We present the application of a Timepix detector on the VZLUSAT-1 nanosatellite. This project aims to verify the practicality of the detector in conjunction with 1-D Lobster-Eye optics to observe celestial sources between 5 and 20 keV. A modified USB Lite interface is used for low-level control of the Timepix. An additional 8-bit Atmel microcontroller is dedicated for commanding the detector and to process the data onboard the satellite. We present software methods for onboard post-processing of captured images, which are suitable for implementation under the constraints of the low-powered embedded hardware. Several measuring modes are prepared for different scenarios including single picture exposure, solar UV-light triggered exposure, and long-term all-sky monitoring. Following up VZLUSAT-1 project are NASA sounding rocket experiments. We aim to test a larger telescope (approx. 1 m focal length) together with Timepix detectors. Sounding rockets provide in-situ measurement platform, which allows 5-minute experiments with data recovery. We present results of preliminary experiments conducted at Pennstate University in 50 m long vacuum tunnel.

Martin Jelínek: Problematics of breeding pangolins in relativistic conditions

Lets talk about what real problems are when trying to observe GRBs with robotic telescopes.

Posters

Rene Hudec: Biomimetics and Astronomical X Ray Optics

Biomimetics and Astronomical X Ray Optics will be shortly discussed

Vladimír Tichý: Implementation of lobster eye optics to QSOFT software package

QSOFT package represents a general tool for simulation of x-ray optics. The program code is based on sequential ray tracing algorithm. Currently simulation of lobster eye optics is being implemented and tested. Examples of results and their comparison to results of simplified ray tracing algorithm are presented.

Filip Novotný: Variable stars and how to find them

Past few months i\'ve been working on software for variable star detection from D50 telescope at astronomical institute of the czech academy of sciences. I\'ll present on my poster how the software works and what has it found.

Ondrej Nentvich: Lobster eye: Data processing from two 1D modules

This poster talks about mathematically combination two 1D modules of Lobster eye type optics, problematics of reconstruction when more than one source is taken. In the case of multiple sources taken by 1D modules, imaginary sources are made by postprocessing. It is necessary to find out which sources are real and which not.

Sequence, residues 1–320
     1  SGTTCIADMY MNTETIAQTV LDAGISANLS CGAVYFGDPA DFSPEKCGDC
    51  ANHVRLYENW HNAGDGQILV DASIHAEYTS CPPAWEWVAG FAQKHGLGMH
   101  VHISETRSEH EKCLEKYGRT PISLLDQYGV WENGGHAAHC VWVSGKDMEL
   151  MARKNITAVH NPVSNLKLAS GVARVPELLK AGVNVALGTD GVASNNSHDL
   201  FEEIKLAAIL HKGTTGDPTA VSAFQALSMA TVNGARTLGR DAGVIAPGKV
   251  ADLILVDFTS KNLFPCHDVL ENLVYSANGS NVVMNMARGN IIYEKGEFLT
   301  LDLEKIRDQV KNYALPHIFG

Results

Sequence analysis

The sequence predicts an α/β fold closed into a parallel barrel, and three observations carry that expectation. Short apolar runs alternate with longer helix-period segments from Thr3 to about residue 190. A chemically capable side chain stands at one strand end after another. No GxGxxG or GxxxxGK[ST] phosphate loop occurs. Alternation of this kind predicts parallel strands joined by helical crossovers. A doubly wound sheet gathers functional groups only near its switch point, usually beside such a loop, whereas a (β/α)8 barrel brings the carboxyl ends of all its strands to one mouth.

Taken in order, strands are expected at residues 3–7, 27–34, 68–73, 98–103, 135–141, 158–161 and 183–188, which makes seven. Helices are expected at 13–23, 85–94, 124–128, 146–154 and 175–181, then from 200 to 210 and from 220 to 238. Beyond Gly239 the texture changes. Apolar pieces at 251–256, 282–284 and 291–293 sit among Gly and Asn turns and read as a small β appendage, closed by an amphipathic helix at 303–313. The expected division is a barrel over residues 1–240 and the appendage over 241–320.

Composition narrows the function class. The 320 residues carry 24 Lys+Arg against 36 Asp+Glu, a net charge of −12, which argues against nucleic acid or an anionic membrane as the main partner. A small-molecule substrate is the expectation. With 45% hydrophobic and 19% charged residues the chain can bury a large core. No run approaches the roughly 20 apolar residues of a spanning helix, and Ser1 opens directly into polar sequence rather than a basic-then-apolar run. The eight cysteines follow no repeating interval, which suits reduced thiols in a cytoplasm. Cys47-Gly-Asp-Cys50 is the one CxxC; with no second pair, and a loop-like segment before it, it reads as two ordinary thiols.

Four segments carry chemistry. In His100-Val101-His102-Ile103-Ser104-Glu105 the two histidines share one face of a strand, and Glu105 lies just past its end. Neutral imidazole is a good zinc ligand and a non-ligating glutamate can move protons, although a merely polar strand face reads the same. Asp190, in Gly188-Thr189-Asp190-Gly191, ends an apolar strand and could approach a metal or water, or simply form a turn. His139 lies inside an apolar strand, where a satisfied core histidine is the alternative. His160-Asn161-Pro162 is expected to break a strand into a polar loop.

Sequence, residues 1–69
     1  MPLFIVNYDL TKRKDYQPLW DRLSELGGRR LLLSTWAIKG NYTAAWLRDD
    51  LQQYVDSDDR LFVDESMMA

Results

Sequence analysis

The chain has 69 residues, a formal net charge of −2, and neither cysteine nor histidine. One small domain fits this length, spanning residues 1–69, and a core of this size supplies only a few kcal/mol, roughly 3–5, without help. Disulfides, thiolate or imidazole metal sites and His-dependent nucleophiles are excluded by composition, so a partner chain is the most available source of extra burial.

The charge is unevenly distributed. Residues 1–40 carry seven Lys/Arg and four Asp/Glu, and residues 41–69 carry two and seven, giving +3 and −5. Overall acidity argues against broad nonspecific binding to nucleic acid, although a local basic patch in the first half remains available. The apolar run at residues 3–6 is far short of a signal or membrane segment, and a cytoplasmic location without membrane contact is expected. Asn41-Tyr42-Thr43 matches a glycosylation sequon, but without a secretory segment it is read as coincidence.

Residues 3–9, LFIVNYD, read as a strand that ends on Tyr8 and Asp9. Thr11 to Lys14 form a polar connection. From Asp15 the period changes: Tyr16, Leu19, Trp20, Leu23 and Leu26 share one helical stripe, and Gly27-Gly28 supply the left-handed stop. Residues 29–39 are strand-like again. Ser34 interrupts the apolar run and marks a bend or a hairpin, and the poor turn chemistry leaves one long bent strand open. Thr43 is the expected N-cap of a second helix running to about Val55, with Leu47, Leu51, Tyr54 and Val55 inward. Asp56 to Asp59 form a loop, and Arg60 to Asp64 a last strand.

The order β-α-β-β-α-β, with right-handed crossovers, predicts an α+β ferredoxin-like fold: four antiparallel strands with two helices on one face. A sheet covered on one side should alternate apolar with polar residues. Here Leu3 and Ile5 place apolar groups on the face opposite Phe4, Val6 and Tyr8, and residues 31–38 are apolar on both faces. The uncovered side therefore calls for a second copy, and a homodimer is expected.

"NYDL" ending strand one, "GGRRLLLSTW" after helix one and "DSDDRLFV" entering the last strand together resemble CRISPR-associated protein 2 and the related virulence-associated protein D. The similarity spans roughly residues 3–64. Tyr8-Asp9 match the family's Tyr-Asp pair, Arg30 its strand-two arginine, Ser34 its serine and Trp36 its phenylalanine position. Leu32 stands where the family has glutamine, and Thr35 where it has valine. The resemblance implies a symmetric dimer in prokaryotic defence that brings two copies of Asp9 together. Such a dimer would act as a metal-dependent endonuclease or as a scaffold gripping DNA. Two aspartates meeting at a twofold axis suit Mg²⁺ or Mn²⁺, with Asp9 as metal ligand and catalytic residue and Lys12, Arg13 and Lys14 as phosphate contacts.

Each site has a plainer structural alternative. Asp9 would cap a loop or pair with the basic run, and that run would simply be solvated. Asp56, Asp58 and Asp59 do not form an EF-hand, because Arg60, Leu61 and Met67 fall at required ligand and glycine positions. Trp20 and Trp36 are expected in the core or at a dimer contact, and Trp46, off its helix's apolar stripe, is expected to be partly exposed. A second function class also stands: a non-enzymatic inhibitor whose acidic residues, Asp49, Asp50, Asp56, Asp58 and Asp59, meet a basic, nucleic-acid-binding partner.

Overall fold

Petr Skala: Instrumental characterisation of ASI 1600 CMOS camera

Linearity and other parameters will be presented As well as usability for astronomical use will be discussed.

Sergey Karpov: Searching for isolated stellar-mass black hole candidates by analyzing the kinematics of their former companions in disrupted binary systems.

We performed a search for isolated stellar-mass black hole candidates based on the fact that more than 50% of radio pulsars have originated in binary systems, now disrupted, where the other component could have evolved into a black hole prior to the second supernova event in the system which caused its disruption. To this end, several relatively young isolated pulsars with known parallaxes fitting the selection criteria were traced back to their presumed birth locations. These areas were then analyzed for possible black hole candidates based on the astrometric, photometric, and spectral data available. We present the results for the first 4 pulsars in our sample, J0139+5814, J0922+0638, J0358+5413, and J1395+1616. Several possible candidates were selected for further analysis.

Martin Urban: Detection of X-ray spectra and images

X-ray monitoring for astrophysical applications mainly consists of two parts - optics and detector. The poster shows an approach based on a combination of Lobster Eye optics with Timepix detector.

Sarka Michalova: Fish Eye: Optical Principle

Fish Eye Optical Principle will be shortly presented, as preliminary outcome of the Open Science V AS CR program